2. How much each nation needs to cut remains unresolved. Rich countries are disproportionately responsible for global warming, but some leaders have insisted that it’s the poorer nations who need to accelerate their shift away from fossil fuels.
3. The call for disaster aid increased. One of the biggest fights at the summit revolved around whether — and how — the world’s wealthiest nations should compensate poorer nations for the damage caused by rising temperatures.
4. A surprising emissions-cutting agreement. Among the other notable deals to come out of the summit was a U.S.-China agreement to do more to cut emissions this decade, and China committed for the first time to develop a plan to reduce methane.
5. There was a clear gender and generation gap. Those with the power to make decisions about how much the world warms were mostly old and male. Those who were most fiercely protesting the pace of action were mostly young and female.
Visit Scotland, that country’s national tourism organization, which helped draft the declaration, has also taken a lead role. The organization has reduced its own carbon emission by 74 percent since 2008, and more than 850 local businesses have been given green tourism awards for their sustainability efforts.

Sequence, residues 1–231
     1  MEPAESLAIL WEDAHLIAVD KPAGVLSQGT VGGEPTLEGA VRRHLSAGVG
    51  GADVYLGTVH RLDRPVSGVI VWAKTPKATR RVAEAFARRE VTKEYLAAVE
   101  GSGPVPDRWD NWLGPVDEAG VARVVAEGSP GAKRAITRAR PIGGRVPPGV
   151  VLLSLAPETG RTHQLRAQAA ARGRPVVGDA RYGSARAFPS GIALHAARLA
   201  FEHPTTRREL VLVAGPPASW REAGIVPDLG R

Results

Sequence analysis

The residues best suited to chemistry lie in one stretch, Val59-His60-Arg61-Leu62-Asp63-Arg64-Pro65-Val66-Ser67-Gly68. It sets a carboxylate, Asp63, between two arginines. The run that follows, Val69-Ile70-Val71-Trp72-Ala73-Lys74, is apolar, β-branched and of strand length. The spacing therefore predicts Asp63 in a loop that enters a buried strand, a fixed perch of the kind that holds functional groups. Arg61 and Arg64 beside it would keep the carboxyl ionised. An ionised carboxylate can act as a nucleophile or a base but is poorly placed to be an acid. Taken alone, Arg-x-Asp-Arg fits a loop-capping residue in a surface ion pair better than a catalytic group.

While the Glasgow Declaration has garnered great momentum and established common objectives, challenges lie ahead, especially when it comes to setting a global standard for reporting emissions figures for such a wide range of sectors within the industry, from tour operators to destinations, and airlines to cruise ships.
Signatories are expected to hold each other accountable and set common standards throughout international supply chains. Once action plans have been submitted within the next year, a reporting framework will be necessary. Anyone who fails to submit a road map within that time frame will be removed from the declaration.
“It is really important to bring value chains together,” said Catherine Dolton, the chief sustainability officer at IHG Hotels and Resorts. “Hotel developers, hotel owners, investors, franchisees, as well as the operators, are all impacting sustainability at different stages of the hotel life cycle.”